Who says government service is a thankless job?
Just do a blog every Sunday and avoid the news cameras, and you’ll end up being the best civil servant in town. No sweat.
That’s probably why Financial Secretary John Tsang Chun-wah has trumped his supervisor Chief Secretary Carrie Lam Cheng Yuet-ngor in the latest popularity survey by the Chinese University of Hong Kong.
For the first time, the Hong Kong Institute of Asia-Pacific Studies poll listed Tsang as the most popular among the secretaries, with his score up 0.7 point at 56.8, while Lam had a drop of 2.1 points at 54.8.
Throughout the summer, Lam the indefatigable met with politicians of all stripes, trying to work out a generally acceptable version of universal suffrage for 2017. Always articulate and cautious, the secretary only goofed once when she described a Basic Law expert’s view on the nomination method as having “set the tone with one beat of the gong”. She later apologized for the misunderstanding her statement has caused.
By comparison, Tsang won the best score by carefully avoiding media scrutiny. But he also got enough news mileage by coming up with a Sunday blog in Chinese, which is usually picked up by media on a slow Monday.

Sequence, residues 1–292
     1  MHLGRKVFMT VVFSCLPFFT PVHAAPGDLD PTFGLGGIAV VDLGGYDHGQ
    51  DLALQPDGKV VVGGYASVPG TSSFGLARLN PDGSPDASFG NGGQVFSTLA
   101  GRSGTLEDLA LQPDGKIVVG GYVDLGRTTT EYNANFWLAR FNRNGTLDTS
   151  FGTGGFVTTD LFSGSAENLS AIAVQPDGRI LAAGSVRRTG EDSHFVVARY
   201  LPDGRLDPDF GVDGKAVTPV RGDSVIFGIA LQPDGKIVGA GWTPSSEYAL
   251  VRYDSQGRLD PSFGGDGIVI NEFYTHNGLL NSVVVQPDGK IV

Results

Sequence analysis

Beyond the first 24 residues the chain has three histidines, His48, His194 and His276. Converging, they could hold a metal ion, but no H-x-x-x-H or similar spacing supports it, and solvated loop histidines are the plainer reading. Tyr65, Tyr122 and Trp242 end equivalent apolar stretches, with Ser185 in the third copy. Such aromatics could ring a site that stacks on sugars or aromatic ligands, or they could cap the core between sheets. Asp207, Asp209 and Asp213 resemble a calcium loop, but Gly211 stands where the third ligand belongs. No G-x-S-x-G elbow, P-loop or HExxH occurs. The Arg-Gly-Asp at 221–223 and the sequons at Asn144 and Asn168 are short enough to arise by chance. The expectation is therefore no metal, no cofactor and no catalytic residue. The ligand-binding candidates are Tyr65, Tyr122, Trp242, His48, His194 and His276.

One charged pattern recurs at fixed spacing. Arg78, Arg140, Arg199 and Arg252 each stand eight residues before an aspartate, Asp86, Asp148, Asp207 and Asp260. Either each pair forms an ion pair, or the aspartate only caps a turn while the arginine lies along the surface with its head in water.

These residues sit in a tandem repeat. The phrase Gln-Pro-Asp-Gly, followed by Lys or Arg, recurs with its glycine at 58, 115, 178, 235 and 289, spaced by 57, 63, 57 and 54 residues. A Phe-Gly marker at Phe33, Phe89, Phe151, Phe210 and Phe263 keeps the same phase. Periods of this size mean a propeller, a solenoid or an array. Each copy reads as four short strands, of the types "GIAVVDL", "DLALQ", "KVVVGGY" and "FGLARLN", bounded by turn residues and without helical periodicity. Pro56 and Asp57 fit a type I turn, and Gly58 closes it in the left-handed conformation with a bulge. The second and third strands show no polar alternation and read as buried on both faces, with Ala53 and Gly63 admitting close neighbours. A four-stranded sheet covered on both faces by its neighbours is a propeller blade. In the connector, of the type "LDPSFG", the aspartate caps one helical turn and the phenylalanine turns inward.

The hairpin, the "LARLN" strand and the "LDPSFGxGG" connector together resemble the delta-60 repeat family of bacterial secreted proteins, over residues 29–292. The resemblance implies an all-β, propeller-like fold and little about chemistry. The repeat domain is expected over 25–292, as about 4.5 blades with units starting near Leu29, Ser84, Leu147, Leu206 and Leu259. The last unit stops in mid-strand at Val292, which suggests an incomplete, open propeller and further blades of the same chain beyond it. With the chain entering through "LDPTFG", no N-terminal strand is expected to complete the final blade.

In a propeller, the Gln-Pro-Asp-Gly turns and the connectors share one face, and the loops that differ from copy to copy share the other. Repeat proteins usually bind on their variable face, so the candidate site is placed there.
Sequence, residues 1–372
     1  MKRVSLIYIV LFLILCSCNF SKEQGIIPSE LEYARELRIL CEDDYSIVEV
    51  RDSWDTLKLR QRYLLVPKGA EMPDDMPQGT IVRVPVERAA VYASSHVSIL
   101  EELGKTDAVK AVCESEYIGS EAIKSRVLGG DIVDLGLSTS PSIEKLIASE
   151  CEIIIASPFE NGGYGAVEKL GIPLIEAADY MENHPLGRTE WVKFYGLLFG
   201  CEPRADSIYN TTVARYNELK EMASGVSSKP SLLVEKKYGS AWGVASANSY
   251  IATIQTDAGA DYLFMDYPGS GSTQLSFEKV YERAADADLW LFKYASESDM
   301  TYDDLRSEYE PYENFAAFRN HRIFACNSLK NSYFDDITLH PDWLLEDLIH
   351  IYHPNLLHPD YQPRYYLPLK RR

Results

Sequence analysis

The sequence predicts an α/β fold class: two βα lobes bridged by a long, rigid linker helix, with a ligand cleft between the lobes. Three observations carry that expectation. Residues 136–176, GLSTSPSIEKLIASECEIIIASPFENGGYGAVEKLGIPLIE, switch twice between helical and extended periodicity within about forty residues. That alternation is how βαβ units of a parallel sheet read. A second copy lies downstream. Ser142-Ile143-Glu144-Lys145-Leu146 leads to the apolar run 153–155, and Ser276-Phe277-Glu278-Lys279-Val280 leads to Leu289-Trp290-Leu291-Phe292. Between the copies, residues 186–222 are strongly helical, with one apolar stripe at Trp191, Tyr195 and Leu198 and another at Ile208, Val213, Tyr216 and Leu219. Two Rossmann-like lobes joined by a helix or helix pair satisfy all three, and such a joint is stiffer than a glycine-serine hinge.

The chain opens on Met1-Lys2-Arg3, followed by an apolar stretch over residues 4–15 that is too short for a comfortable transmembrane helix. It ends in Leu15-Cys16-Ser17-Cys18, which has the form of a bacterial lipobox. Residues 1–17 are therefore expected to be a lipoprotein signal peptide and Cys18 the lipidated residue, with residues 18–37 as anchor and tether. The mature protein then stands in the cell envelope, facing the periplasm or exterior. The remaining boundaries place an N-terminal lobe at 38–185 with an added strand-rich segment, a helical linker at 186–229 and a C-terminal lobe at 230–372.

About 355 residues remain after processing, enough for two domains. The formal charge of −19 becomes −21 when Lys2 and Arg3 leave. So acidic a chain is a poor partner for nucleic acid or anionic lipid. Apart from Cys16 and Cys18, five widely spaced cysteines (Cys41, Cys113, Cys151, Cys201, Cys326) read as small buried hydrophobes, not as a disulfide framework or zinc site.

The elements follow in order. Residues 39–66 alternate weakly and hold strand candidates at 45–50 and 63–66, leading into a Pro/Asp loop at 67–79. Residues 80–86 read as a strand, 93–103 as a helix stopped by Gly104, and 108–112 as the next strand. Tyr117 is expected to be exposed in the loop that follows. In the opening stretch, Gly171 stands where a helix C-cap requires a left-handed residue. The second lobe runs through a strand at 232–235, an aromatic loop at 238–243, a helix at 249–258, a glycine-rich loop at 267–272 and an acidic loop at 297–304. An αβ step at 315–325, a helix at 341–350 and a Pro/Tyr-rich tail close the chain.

Tsang is one of the few financial secretaries in the world who can come up with a weekly report. In fact, in July 2009, he produced two blogs on a single day – one on his conversation with US economist and Nobel laureate Paul Krugman and another on his chat with a group of youngsters.
Before that, he had been posting only one or two articles per month since becoming the financial secretary seven years ago.
Despite having stayed in the States for 13 years, including as student at the Massachusetts Institute of Technology, where he took up architecture, and the Kennedy School of Government at Harvard University, Tsang has only managed to have his blog in Chinese. What a waste!
His style of dealing with the media — through online announcements instead of a formal briefing with a question and answer session — has been widely criticized by our brothers and sisters in the profession because they only get safe answers without being able to throw follow-up questions. One such case was when he warned of a perfect storm that Occupy Central would inflict on the financial sector.
A good fencer, Tsang knows the secret of winning lies in protecting himself first. That is why after he issued his warning against Occupy Central, he didn’t go any further. He’d rather wait for the other side to fire back.
Likewise, Tsang has yet to express his views on the universal pension scheme suggested by a research team from the University of Hong Kong, which may see the government footing much of the HK$50 billion bill. He would rather let Lam handle the controversial proposal while he writes on his blog about his hippie days in Boston.
That is perhaps the best strategy Tsang has adopted in order not to be dragged by the unpopular image of Chief Executive Leung Chun-ying, and probably a good case study for Harvard, his alma mater, on government administration.
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